This article describes some of the most important tests for prototypes conducted at Winergy AG during the product development process. It will demonstrate that the measurement results on the test rig for load distribution are in accordance with the turbine measurements.

15 An Experimental Investigation of Aerospace-Quality Gears Operating in Loss-of-Lubrication Condition (August 2013)

This work establishes a baseline for aerospace spur gear behavior under oil-off conditions. The collected test results document a different oil-off time, dictated by material used.

16 Boom or Bust - Are You in the Right Markets (June/July 2013)

Over the past few months we've talked with a lot of gear manufacturers. Many of them tell us business is strong, while others are struggling with reduced demand. The difference between them isn't so much in the quality of their manufacturing operations, but rather trends in the end markets they serve.

17 Aerospace Gearing Research - An Update (June 2009)

A look at several American organizations doing cutting edge gear-related research for aerospace applications.

18 Gear Failure Analysis Involving Grinding Burn (January/February 2009)

When gears are case-hardened, it is known that some growth and redistribution of stresses that result in geometric distortion will occur. Aerospace gears require post case-hardening grinding of the gear teeth to achieve necessary accuracy. Tempering of the case-hardened surface, commonly known as grinding burn, occurs in the manufacturing process when control of the heat generation at the surface is lost.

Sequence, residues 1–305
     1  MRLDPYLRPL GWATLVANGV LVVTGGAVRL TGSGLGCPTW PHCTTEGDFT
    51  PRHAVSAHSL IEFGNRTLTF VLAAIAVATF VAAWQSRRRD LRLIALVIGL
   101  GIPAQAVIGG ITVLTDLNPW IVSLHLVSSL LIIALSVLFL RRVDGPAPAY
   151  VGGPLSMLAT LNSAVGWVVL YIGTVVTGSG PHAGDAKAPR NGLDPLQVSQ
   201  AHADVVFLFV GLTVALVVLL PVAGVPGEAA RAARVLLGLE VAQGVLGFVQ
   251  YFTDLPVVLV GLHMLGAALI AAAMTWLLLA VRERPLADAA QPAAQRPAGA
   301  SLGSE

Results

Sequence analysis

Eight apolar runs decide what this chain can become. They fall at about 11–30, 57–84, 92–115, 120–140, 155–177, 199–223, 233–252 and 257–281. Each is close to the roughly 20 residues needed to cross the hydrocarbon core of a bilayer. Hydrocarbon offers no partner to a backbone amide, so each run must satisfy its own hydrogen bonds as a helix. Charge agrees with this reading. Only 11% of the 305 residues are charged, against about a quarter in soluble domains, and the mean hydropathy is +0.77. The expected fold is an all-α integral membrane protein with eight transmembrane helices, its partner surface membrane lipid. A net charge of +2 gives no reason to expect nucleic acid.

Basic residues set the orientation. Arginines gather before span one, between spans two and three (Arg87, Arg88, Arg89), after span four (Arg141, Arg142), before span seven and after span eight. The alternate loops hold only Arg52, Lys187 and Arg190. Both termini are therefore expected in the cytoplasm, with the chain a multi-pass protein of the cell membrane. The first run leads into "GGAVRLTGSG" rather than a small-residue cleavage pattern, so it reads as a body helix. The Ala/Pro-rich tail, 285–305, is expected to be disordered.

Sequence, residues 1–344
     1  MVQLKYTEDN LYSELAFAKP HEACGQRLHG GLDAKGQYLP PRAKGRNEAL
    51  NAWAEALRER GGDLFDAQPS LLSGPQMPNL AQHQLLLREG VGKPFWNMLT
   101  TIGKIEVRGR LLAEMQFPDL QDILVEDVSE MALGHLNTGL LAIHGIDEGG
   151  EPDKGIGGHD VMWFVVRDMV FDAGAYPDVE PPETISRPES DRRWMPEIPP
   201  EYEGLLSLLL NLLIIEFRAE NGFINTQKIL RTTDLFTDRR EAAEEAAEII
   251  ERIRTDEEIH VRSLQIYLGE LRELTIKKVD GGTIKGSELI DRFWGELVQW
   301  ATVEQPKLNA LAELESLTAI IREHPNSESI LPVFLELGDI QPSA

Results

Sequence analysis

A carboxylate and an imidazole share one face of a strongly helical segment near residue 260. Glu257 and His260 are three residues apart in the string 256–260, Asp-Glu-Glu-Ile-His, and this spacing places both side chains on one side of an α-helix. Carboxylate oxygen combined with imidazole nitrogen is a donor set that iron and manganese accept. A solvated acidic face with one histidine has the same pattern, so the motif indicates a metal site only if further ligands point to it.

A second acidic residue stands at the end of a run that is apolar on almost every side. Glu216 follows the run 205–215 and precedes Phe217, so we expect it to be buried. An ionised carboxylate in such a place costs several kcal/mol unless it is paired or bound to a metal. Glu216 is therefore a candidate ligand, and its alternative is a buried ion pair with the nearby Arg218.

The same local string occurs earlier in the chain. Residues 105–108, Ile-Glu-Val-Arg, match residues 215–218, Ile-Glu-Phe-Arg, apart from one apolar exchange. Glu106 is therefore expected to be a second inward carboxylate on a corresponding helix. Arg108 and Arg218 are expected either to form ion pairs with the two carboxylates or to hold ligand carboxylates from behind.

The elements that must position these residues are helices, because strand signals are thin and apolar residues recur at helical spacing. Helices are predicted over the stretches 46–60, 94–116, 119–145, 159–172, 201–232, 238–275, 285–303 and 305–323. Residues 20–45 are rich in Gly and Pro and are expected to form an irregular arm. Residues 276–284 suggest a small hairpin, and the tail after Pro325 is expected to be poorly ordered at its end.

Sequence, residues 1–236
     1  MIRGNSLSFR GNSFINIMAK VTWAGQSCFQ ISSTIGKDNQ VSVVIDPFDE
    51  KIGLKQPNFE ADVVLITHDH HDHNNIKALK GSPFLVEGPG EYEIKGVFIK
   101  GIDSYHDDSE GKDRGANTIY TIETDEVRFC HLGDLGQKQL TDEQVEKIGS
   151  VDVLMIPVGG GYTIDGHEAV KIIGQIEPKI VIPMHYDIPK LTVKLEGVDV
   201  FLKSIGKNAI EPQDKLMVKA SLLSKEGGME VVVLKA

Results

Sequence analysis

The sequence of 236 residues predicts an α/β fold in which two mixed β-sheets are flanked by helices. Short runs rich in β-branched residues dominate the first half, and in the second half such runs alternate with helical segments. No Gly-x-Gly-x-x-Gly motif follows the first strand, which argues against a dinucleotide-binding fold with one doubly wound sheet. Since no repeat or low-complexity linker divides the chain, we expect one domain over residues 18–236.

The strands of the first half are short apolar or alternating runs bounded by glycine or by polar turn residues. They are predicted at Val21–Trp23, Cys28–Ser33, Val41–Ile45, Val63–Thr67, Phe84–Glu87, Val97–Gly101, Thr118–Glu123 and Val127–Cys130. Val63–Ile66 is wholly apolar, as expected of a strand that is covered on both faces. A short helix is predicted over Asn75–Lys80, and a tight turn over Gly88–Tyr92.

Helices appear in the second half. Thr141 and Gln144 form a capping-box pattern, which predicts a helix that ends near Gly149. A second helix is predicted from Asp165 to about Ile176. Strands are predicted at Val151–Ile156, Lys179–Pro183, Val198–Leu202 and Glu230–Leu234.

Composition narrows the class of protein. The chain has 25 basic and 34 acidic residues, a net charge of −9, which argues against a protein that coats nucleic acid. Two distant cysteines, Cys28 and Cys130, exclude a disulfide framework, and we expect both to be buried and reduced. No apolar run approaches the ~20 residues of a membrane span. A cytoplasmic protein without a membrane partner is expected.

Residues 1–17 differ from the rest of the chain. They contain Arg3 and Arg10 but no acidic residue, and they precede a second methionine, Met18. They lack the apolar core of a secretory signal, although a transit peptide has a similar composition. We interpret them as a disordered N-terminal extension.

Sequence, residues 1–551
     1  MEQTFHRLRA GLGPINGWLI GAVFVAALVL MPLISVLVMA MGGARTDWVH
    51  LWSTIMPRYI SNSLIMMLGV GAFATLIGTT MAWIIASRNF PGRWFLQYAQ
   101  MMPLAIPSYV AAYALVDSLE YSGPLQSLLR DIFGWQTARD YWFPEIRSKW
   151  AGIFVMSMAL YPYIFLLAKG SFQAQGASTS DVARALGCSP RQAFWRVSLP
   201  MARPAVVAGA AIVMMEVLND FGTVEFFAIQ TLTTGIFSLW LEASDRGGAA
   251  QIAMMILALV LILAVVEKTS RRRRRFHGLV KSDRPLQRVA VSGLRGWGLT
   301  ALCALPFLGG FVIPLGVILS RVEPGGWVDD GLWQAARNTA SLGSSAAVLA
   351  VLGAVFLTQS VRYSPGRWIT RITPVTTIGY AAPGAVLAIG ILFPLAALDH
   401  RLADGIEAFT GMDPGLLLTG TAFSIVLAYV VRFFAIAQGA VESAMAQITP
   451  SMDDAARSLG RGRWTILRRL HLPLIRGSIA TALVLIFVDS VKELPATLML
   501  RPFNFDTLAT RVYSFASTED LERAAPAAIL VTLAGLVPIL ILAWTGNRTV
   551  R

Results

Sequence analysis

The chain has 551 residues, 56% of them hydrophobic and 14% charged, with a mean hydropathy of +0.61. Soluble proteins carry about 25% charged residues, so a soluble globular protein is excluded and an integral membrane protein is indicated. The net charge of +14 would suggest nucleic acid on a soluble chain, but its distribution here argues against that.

19 High-Tech Risks and Rewards (June 2009)

Aerospace/Defense contracts offer unique challenges for gear manufacturers.

20 Repair via Isotropic Superfinishing of Aircraft Transmission Gears (May 2009)

The objective of this paper is to demonstrate that transmission gears of rotary-wing aircraft, which are typically scrapped due to minor foreign object damage (FOD) and grey staining, can be repaired and re-used with signifi cant cost avoidance. The isotropic superfinishing (ISF) process is used to repair the gear by removing surface damage. It has been demonstrated in this project that this surface damage can be removed while maintaining OEM specifications on gear size, geometry and metallurgy. Further, scrap CH-46 mix box spur pinions, repaired by the ISF process, were subjected to gear tooth strength and durability testing, and their performance compared with or exceeded that of new spur pinions procured from an approved Navy vendor. This clearly demonstrates the feasibility of the repair and re-use of precision transmission gears.